An important guiding principle for a denominational youth movement should be a strong connectedness to Unitarian Universalism. The Comittee believes that a denominational youth organization should examine, espouse, and live the ideals of our religion. A strong argument could be made for complete withdrawal of denominational funding for LRY, and for funding a new group with a clearer denominational identity (i.e., Unitarian Universalist Youth). Such a change might clear the way for renewed interest and support from ministers and church or fellowship leaders who view the name "LRY" as a red flag.

    Such an action, however, would be a withdrawal of commitment to those young people who struggle to make LRY a productive organization. The Committee feels these young people need to be encouraged and supported, and, while not recomending a name change, urges that it be considered.

    Peter Drucker, in The Age of Discontinuity, noted:

      "Young people in the society of organizations (today's society) need systematic information on how to make organizations serve their own purposes, values, and aspirations. They will have to learn organization as their forefathers learned farming." (pp. 259-260)

    An effective youth group helps its members to face organizational and institutional realities, to assume full and responsible participation in denominational affairs, and to develop the idea of accountability for one's actions. This implies the nurturing of decision making abilities.

    The Committee recommends that our denomination adopt strategies for the development of a youth organization with the characteristics defined in . .the position papers and noted above. The Committee makes no specific suggestions, since such changes will have to come through a joint effort of youth and adults.

    The Committee has specific recommendations relating to denominational financial support of LRY. Our study indicates that the continental executive committee, as presently constituted, is not entirely representative of LRY local interests, is frequently out of contact with locals, and is frequently in itself a discouraging experience for the exec officers. The Committee recommends that financial support for the LRY officers in Boston be discontinued and that funds allocated to LRY be designated as support for continental LRY Board meetings, leadership and program planning workshops (including travel), dues to international organizations, and/or other purposes that LRY may designate.

    The Committee further recommends that LRY develop expenditure guidelines for presentation to the Youth/Adult Comittee before funds are allocated. The Committee urges LRY to consider maintaining its continental executive officers in various locales, and that these individuals promote much closer contact between themselves and the federations.

    The Committee reminds all congregations that LRY itself initiated the formation of the Special Committee on Youth Programs, and strongly urges that all congregational leaders take an active role in making denominational action on youth affairs a top priority.


    Allocation to the Liberal Religious Youth for programs listed above$ 20,000


    We recommend that all Districts establish a District Youth Activities Committee (with equal number of youth and adults and with appropriate budget). The purpose of the Committee would be:

    1. Sponsorship of advisor training workshops

    2. Support for and advice to districts/area youth activities, including LRY federations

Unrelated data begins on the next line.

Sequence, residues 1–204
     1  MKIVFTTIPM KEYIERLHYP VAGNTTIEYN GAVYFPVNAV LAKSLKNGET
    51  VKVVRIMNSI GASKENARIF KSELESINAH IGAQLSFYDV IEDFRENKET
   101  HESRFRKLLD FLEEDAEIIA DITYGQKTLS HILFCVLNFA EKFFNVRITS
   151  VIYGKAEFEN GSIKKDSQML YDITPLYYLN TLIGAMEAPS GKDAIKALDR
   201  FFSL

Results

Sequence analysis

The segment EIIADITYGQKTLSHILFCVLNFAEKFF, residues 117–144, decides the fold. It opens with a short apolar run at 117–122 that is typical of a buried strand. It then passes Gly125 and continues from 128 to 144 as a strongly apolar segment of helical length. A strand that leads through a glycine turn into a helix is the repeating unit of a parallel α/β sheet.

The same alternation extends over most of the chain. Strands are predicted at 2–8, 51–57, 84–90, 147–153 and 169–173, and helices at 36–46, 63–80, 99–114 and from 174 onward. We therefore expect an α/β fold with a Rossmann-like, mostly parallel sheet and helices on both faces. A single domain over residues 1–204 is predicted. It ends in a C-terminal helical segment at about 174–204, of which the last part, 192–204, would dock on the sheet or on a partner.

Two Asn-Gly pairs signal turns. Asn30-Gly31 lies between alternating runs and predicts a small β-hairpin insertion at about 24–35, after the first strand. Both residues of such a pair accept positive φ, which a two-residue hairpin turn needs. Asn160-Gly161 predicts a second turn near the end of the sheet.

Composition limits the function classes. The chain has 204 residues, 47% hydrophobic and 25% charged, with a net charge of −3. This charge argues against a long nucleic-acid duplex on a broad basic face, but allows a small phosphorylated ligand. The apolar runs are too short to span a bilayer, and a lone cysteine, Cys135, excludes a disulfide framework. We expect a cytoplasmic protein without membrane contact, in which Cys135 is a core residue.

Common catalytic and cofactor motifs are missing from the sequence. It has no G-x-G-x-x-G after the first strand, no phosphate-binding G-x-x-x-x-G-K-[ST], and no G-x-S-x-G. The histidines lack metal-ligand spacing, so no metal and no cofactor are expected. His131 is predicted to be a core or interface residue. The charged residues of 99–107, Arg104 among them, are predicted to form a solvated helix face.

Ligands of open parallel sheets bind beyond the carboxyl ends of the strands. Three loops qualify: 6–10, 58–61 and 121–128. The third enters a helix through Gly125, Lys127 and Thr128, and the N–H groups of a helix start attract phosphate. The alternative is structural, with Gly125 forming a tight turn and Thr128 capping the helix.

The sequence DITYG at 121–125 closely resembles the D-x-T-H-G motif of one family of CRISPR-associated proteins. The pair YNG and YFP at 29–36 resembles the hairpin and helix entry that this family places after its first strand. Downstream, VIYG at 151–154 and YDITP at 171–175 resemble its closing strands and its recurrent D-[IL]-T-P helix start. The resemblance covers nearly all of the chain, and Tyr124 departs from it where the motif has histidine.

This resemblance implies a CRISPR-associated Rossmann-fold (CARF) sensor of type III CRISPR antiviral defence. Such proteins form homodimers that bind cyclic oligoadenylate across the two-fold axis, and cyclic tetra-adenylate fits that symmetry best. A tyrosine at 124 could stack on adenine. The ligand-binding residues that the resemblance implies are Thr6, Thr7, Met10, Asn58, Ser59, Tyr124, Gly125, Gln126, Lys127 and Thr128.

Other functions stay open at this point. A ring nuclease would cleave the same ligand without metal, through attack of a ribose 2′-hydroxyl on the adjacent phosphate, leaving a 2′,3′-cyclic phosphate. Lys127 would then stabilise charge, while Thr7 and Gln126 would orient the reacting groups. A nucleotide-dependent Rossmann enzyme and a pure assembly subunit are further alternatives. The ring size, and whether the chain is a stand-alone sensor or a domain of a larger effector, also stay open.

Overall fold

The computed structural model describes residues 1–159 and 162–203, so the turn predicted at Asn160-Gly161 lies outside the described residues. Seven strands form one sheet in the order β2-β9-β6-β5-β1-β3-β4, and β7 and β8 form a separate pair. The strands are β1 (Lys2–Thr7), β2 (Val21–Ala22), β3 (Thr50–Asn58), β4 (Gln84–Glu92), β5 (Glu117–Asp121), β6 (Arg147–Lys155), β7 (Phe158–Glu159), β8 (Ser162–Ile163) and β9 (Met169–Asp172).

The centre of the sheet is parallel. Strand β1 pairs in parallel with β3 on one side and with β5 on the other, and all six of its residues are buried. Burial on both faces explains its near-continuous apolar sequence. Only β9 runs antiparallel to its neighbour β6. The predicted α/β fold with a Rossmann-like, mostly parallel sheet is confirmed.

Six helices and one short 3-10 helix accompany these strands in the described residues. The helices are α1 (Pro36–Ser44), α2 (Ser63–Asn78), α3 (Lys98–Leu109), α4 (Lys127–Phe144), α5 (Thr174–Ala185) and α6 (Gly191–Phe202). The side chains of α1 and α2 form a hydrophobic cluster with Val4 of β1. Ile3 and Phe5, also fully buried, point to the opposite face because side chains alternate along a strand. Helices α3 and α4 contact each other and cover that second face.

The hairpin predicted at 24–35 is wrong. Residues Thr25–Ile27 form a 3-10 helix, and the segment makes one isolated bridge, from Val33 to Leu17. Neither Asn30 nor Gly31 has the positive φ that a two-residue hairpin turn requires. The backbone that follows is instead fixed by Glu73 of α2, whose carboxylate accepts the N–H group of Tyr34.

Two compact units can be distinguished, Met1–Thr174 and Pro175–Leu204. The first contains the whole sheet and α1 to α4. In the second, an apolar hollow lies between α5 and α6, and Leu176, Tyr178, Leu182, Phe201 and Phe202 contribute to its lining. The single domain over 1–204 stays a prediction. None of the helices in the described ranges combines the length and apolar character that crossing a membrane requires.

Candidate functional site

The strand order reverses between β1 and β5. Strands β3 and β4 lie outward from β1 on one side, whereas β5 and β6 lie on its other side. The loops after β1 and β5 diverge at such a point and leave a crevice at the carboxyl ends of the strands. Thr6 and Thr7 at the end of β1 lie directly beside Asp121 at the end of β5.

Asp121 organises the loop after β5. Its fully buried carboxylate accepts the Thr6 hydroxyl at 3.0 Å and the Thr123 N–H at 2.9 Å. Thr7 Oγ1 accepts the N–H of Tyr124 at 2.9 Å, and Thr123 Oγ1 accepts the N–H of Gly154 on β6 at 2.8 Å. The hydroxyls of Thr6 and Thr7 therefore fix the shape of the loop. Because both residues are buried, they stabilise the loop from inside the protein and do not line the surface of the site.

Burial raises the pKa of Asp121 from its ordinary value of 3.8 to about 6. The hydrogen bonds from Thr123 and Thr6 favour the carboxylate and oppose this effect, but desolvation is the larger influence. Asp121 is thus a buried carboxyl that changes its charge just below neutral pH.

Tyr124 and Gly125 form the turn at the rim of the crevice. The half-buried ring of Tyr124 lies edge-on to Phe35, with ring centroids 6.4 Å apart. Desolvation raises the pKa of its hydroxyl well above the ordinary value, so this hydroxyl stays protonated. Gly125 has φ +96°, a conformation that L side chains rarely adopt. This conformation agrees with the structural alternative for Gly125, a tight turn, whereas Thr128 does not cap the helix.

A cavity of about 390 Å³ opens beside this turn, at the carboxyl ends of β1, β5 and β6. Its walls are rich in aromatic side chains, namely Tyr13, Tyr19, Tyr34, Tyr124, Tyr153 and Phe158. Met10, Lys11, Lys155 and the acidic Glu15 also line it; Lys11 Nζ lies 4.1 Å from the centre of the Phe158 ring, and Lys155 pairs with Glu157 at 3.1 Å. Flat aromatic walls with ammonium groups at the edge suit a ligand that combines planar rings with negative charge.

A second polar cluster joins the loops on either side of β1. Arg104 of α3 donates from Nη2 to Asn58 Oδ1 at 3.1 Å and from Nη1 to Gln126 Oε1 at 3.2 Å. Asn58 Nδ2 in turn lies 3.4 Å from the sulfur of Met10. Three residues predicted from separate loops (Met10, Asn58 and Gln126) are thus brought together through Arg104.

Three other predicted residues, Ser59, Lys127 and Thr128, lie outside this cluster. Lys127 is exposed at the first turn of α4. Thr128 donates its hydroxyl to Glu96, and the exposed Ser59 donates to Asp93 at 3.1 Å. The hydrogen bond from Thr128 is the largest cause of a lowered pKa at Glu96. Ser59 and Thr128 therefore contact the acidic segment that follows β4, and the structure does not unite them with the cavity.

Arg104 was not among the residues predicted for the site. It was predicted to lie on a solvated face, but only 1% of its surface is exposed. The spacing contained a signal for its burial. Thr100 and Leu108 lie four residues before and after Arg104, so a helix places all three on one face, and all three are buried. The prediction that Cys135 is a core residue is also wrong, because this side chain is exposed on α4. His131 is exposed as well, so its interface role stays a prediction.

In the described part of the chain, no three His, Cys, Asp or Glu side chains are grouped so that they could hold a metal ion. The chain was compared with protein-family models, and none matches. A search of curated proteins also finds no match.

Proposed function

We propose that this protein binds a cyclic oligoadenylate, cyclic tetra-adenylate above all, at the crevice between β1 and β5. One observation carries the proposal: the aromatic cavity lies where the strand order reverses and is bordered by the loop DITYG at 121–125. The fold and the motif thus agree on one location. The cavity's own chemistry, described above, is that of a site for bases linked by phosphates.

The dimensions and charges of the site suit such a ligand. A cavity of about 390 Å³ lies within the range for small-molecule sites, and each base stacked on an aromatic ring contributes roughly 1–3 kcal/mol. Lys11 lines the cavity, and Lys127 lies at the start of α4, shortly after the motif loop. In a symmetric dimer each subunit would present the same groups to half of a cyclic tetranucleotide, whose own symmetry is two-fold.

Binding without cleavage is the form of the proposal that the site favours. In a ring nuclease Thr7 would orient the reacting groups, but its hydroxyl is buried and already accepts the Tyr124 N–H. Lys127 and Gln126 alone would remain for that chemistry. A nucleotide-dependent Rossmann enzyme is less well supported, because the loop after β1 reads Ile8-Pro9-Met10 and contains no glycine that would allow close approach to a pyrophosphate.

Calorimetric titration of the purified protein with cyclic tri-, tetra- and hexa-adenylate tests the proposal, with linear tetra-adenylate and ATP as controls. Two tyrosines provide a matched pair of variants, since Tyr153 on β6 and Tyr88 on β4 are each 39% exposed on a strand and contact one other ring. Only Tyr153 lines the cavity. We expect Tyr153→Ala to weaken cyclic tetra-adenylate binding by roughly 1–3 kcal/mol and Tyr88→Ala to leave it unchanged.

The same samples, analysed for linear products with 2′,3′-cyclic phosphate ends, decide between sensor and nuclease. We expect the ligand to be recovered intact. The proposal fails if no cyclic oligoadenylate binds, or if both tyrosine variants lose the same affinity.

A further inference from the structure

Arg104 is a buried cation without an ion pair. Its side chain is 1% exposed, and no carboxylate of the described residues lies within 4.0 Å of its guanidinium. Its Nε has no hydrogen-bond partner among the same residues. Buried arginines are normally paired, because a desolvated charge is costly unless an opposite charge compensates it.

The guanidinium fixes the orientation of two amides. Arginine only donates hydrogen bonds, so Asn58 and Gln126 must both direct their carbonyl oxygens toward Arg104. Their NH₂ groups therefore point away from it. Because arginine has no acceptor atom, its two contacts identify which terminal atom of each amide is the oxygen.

3. To help as resources for local churches in development of youth programs at the local level

    4. To be familiar with program resources and leadership available for youth progrqmming

    5. To serve as trouble shooters where and when called upon

    6. To be responsible for extending and strengthening existing youth programs

    7. To aid in the recruitment, train:ing, and confirmation of LRY federation advisors

    8. To participate with and support inter-district field work teams, and actively to encourage their use


    We recommend that a resource bank of people with demonstrated skill in working with youth and adults be appointed. These people would be appointed by the Interdistrict Council with the assistance of the I.D.R. and would have the support and resource skills of the Continental Youth Adult Committee available to them.

    A. Functions:

    1. To train people interested in making a serious commitment to youth activities within our denomination. Areas of investigation could include:

      • a. essentials of adolescent growth and development

      • b. basics of counseling and advising teenagers

      • c. adolescent sexuality

      • d. communication skills

      • e. goal setting and problem solving

      • f. values clarification

      • g. successful group progrqmming

    2. To provide an intensive training workshop at an interdistrict level for selected youth workers from each district. These people could then return to their districts and act as resources for local societies and area councils.

    3. To be available to districts for the conducting of workshops focused on youth concerns and the needs of adults working with youth, at the request of the District Board of Trustees.

      • a. To provide an opportunity for youth leadership and adult youth workers to experience learning and working together in a process-focused setting.

      • b. To introduce youth leaders and advisors to the various programs within our denomination that are available to youth:

          (1) Youth service projects and summer camps
          (2) UU Service Committee projects
          (3) Dept. of Education multi-media kits

    B. Membership of "Resource Bank"

    1. Team members must be people skilled in areas relating to youth as well as to group organization.

    2. Members should have a proven track record of successful experiences in relating to UU young people within a group setting.